And we refer to an Australian case upholding the rule and I think significantly in England, a rule that’s been a matter of practice since at least 1911, only recently in 1968 by the Court of Criminal Appeals in -- or the Court of Appeals in criminal division in England in a unanimous decision was made a Rule of Court for England and the Justice who wrote the opinion for that Court in 1968 said in part, the reason for this is obvious.
It’s that if they are to be permitted to hear the evidence, that is the defendants or other witnesses, they may be tempted to turn their own evidence and we get and I will get to this a bit later if I have the time.
This shows the reason of a rationality of the rule and Mr. Summers saw the petitioner contends that under the Fourteenth Amendment it’s an unreasonable rule and we contend that it’s imminently a reasonable rule and this Court all said so that I referred to.
So we have to take the position that the Tennessee Rule is a truth in testimonial law, a truth in testimonial law that it promotes truthful testimony that it’s a rational, a logical, a legitimate complement of the sequestration of witnesses rule.
Now, I think remarkably if the Court would look at the pages that I’m going to refer you to now in the petitioner’s brief that there is a concession of rationality there.
So at page 9 of the petitioner’s brief, he says that the fact that a party may not be placed under the rule, that is the sequestration rule, was probably one of the chief reasons for the requirement.
And then he says at page 9 that requiring the defendant to testify first if he testifies at all ensures that he will not be tempted to alter his own testimony after hearing other evidence presented in his behalf and the petitioner says further at pages 7 and 8 that the occasional readiness of the interested person to adopt his testimony when offered later to a victory rather than to a veracity so as to meet the necessities is laid opened by a file of witnesses is a rationale basis for the Tennessee statutes in question.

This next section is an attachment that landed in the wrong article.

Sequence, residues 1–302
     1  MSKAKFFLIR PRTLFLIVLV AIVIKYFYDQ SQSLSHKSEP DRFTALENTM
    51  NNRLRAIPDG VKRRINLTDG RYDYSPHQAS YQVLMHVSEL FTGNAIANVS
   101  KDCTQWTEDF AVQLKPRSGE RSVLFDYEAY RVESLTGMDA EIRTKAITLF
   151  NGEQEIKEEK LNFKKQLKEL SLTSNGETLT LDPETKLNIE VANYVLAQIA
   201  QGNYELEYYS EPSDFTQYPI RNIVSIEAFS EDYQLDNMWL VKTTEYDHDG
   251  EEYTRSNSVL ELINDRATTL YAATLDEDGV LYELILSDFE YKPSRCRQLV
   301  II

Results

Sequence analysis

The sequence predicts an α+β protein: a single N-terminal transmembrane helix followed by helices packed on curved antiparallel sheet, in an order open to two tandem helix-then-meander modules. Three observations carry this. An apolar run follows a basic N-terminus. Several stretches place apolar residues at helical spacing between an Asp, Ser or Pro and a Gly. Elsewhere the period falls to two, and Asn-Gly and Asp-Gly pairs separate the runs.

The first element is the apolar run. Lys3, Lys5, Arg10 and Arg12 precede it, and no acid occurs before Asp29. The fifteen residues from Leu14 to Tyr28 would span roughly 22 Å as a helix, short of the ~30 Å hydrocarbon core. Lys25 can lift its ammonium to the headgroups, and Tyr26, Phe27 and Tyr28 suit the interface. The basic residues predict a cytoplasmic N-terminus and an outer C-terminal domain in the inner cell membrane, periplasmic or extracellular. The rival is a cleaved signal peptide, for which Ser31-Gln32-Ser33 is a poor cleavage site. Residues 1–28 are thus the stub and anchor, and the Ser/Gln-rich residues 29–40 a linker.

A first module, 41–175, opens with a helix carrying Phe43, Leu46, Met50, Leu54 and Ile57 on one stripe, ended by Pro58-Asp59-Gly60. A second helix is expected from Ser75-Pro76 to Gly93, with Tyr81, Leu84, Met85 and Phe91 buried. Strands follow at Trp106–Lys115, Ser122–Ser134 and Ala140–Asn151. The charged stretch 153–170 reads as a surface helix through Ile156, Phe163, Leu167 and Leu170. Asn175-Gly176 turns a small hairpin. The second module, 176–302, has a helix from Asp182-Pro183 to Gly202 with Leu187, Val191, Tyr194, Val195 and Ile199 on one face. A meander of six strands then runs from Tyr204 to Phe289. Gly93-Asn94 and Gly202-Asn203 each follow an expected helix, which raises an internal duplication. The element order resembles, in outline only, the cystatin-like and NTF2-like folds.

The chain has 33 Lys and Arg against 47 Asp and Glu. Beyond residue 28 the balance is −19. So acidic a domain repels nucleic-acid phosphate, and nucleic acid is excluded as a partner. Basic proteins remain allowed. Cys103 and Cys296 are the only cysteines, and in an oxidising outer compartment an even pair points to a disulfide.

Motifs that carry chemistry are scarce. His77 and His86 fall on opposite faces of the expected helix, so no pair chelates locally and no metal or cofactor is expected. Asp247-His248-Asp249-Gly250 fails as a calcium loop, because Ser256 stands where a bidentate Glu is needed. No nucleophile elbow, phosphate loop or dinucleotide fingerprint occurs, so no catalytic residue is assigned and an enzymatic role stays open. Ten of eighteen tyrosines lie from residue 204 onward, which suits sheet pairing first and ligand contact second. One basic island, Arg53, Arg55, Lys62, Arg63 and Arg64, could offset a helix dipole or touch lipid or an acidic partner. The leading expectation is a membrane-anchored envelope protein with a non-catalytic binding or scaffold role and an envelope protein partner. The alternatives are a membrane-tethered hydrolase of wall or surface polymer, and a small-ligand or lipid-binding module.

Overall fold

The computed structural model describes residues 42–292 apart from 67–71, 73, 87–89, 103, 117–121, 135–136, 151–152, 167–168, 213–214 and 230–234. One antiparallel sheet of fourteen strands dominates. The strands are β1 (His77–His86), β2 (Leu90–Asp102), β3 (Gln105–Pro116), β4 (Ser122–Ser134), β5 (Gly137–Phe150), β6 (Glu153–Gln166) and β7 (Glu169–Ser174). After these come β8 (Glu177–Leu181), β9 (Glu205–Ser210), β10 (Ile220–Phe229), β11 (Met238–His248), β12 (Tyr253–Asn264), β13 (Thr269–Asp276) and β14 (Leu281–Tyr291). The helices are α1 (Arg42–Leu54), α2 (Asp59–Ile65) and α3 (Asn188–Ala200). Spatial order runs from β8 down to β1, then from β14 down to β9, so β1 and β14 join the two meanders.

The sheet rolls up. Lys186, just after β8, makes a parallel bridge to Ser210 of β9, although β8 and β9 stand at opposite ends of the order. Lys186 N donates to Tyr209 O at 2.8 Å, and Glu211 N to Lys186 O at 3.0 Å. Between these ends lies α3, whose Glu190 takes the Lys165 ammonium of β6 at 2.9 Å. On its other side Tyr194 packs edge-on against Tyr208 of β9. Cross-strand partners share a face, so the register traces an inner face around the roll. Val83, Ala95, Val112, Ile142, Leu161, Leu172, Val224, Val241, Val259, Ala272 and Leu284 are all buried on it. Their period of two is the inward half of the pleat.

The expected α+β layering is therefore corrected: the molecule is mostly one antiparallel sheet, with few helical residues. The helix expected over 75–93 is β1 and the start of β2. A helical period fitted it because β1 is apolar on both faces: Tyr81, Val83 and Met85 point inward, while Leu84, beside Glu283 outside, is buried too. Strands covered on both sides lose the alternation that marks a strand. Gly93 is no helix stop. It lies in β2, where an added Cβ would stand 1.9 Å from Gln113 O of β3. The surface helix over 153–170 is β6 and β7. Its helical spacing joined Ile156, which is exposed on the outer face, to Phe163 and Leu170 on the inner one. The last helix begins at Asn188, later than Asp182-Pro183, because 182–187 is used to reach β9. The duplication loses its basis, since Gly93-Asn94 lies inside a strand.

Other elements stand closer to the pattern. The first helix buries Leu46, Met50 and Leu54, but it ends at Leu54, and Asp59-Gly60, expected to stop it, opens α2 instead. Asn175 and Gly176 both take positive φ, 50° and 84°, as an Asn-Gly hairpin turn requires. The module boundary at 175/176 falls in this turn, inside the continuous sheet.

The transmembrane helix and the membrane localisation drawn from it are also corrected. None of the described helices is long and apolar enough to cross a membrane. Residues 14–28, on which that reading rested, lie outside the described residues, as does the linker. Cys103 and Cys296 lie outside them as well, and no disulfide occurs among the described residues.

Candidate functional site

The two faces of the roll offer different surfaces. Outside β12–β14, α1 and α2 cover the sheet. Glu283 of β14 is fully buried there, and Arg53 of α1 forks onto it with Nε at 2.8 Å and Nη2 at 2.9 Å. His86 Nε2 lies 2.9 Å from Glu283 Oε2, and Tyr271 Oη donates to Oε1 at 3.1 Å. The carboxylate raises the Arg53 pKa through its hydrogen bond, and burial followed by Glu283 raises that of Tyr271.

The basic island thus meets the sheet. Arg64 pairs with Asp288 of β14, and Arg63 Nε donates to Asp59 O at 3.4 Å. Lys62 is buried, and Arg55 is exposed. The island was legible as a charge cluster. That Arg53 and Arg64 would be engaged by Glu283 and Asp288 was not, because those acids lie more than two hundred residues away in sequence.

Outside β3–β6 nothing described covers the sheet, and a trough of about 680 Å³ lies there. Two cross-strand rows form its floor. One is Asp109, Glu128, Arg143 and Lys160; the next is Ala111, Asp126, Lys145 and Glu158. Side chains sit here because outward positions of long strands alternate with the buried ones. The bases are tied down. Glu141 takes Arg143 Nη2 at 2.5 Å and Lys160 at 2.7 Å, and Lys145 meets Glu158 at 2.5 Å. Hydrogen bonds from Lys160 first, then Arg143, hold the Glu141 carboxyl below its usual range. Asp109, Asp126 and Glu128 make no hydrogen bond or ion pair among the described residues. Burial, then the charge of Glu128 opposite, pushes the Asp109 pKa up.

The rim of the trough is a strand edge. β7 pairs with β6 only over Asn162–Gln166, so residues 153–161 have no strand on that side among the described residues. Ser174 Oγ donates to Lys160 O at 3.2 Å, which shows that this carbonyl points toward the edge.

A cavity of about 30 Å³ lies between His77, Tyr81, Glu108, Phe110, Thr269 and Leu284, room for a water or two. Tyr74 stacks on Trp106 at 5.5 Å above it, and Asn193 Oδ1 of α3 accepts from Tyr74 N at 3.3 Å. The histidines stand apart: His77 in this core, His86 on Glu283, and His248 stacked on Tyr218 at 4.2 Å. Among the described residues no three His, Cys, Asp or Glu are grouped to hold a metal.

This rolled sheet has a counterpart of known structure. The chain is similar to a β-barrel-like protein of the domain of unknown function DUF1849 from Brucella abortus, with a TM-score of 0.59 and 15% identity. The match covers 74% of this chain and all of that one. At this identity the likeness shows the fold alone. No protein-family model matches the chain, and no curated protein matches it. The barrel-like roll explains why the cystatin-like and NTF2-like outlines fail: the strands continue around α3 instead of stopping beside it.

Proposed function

And then finally at page 17 of the petitioner’s brief, the petitioner says, the purpose of this code section to ensure that a defendant not be tempted to color his version of the circumstances by hearing witnesses in favor prior to his own testimony is perhaps legitimate.
Justice William H. Rehnquist: Mr. Kendrick as I read that section of the petitioner’s brief, I had the feeling he was dealing very fairly with the arguments against him and felt nonetheless that this was a burden on the right.
He was asserting.
He certainly didn’t concede that his point was invalid.
Mr. Robert E. Kendrick: He said all of this things and I applaud him for his fairness, true.
But the -- and he does view this as a burden and the state will say that that sometimes it may appear to be an inconvenience to the defendant but it’s an inconvenience to the state to have the limitation that’s placed upon it.
Justice Thurgood Marshall: Mr. Kendrick, you can say it was an inconvenience to the state in this case, was it?
Mr. Robert E. Kendrick: No, I think my point --
Justice Thurgood Marshall: It might remind you that the state offered to waive it?
Mr. Robert E. Kendrick: True and I wasn’t present at the trial.
The District Attorney General took care of the trial and this --
Justice Thurgood Marshall: Well, he did it, you don’t contest that he did say it was all right with him.
Mr. Robert E. Kendrick: True and I can only speculate that it really probably didn’t make any difference to the state in this case because they have confessed (Voice Overlap).
Justice Thurgood Marshall: But a number of other question is, when was the sequestration rule adopted in Tennessee?
Mr. Robert E. Kendrick: All might, it’s very ancient.
I think it’s been in effect to all the way back as far as --
Justice Thurgood Marshall: You keep saying that this is tied in it.
Nothing can be find anything in the statute that even hints that it’s tied in to the sequestration rule.
Mr. Robert E. Kendrick: Well, the statute was --
Justice Thurgood Marshall: Or it was that the State of Tennessee in granting the defendant the right to testify put this limitation on.
Mr. Robert E. Kendrick: That’s when the limitation was first put on.
Justice Thurgood Marshall: So where do we get this and the reason for it was the reason that the prosecuting witness had to go first?
Mr. Robert E. Kendrick: It did not state it there but we have by judicial decision the requirement of the prosecuting witness so far.
Justice Thurgood Marshall: So the prime side, isn’t it?
Mr. Robert E. Kendrick: I don’t know that Your Honor.